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Gigabit Switch Question


NateDawg1148
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Good post and responses everyone. I think I learned a lot. Based on this discussion, I believe my switch (link below) is a good switch?

 

 

NETGEAR JGS516 10/100/1000Mbps Gigabit Rackmount Switch 16 x RJ45 8,000 MAC Address Table 2MB Buffer Memory

http://www.newegg.com/Product/Product.aspx?Item=N82E16833122057&Tpk=JGS516

 

 

This seems to be a good switch, however it has a fan which can make a bit noisy for home environments depending on your setup. The dlink greens are fan-less and absolutely quiet.

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This seems to be a good switch, however it has a fan which can make a bit noisy for home environments depending on your setup. The dlink greens are fan-less and absolutely quiet.

 

 

It is in my wife's closet so no noice concerns. My server is also in there and she loves that it keeps the closet warm.

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  • 2 weeks later...

Best practice would be to have a wall-plate with as many jacks as are needed (plus some spares). What actually happens would probably involve a local switch.

 

Cable is cheap and you can get up to 6 jacks on a single wallplate, so I'd try and go that route if I were you, using the patch panel that you have. (Remember though that to get cat6 speeds/reliability, everything has to support cat6, from the cable to patch panel to the connectors/terminations.)

 

Interesting thread this, I am in the process of planning how I am going to stream HD video from my WHS to my home theatre which is on another floor. I have been using wireless for SD but it just can't stream HD, as it just keeps bufferring. I've ran a Cat6 cable across the floor and it streams fine. So I am working out how I can run the Cat6 up the walls across the roof and down to my home theatre. I have 4 devices there that all want to connect so I was thinking of connecting all the devices to a 1 gig switch and then connect teh swith to a single wall socket with the Cat 6 back to another switch in my home office which will connect to the router. based on your post are you suggesting I shoud run 4 or more Cat6 cables to a wall plate and terminate them at the switch in my home office? Seems like a lot of wiring?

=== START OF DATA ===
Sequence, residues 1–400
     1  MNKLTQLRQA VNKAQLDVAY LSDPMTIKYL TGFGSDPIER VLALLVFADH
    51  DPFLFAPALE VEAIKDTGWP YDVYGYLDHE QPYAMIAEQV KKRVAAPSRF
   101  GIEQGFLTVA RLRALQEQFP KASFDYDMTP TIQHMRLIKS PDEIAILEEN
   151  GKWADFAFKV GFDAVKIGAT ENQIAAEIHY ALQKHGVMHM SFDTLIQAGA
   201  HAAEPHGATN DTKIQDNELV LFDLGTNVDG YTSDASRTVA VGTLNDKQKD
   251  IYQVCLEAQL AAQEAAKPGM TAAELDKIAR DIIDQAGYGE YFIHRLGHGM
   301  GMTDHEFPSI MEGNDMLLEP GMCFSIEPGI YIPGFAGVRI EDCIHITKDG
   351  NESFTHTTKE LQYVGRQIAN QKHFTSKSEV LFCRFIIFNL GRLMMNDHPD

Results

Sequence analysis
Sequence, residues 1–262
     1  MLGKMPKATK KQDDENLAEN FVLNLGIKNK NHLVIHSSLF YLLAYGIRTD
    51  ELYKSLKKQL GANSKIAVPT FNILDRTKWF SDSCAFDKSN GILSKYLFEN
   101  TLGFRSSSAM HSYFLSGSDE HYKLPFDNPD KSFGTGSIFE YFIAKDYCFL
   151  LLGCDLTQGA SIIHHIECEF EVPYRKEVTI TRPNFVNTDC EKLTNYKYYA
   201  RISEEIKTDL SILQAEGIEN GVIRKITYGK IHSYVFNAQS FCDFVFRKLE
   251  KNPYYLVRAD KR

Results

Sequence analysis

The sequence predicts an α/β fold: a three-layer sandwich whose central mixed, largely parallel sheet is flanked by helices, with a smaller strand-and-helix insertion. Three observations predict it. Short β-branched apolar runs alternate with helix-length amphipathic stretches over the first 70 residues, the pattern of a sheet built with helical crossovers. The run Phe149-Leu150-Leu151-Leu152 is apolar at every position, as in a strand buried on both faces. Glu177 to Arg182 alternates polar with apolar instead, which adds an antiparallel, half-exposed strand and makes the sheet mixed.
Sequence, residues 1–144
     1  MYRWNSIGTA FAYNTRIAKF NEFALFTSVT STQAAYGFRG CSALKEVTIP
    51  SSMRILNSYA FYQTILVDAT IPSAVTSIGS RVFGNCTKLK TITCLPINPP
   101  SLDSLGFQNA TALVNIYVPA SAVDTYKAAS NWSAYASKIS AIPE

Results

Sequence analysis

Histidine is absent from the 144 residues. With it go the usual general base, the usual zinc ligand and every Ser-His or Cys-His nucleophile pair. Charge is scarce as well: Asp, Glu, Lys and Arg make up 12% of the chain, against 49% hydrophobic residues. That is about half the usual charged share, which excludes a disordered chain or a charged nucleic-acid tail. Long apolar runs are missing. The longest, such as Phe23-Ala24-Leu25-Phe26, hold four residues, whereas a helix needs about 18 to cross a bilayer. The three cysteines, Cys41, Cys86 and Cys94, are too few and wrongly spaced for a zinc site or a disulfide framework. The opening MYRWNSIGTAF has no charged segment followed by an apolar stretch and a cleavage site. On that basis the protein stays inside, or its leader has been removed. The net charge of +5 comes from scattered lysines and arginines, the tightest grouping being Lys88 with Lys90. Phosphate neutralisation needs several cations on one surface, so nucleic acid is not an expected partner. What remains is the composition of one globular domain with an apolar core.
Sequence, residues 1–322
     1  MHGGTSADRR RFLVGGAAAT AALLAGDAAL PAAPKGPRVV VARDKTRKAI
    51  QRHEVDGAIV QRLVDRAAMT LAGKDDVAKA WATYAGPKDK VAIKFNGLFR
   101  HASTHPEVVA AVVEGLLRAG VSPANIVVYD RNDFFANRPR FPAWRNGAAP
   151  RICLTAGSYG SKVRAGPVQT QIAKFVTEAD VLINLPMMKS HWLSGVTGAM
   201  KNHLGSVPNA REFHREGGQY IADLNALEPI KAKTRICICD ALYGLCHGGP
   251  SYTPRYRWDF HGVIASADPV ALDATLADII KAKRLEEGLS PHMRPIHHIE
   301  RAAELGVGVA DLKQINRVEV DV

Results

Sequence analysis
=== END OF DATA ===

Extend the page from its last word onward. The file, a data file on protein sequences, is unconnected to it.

Am I interpreting it correctly.

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That is ideal, but it may not be practical.

Agreed. If you have the time and money you could run 4 runs (at least you only have to do 1 pull and then pull all 4 together (if you are using conduit)), but not always practical. Just remember that all 4 devices will be limited by the interconnect, which in your case probably won't be a problem.

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You might consider getting more ports, so as they die and they will, you do not have to get an entirely new switch. I have a 24port and use about 16 of them. It also leaves room for expansion and the additional cost is minimal.

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  • 3 weeks later...

You might consider getting more ports, so as they die and they will, you do not have to get an entirely new switch. I have a 24port and use about 16 of them. It also leaves room for expansion and the additional cost is minimal.

So what's up with ports dying? Why is that? Low quality hardware?
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Expansion room is good, but dying????? If I loose a port (which has not yet happend) I will want to replace the whole unit. He does make a good point on expansion though.

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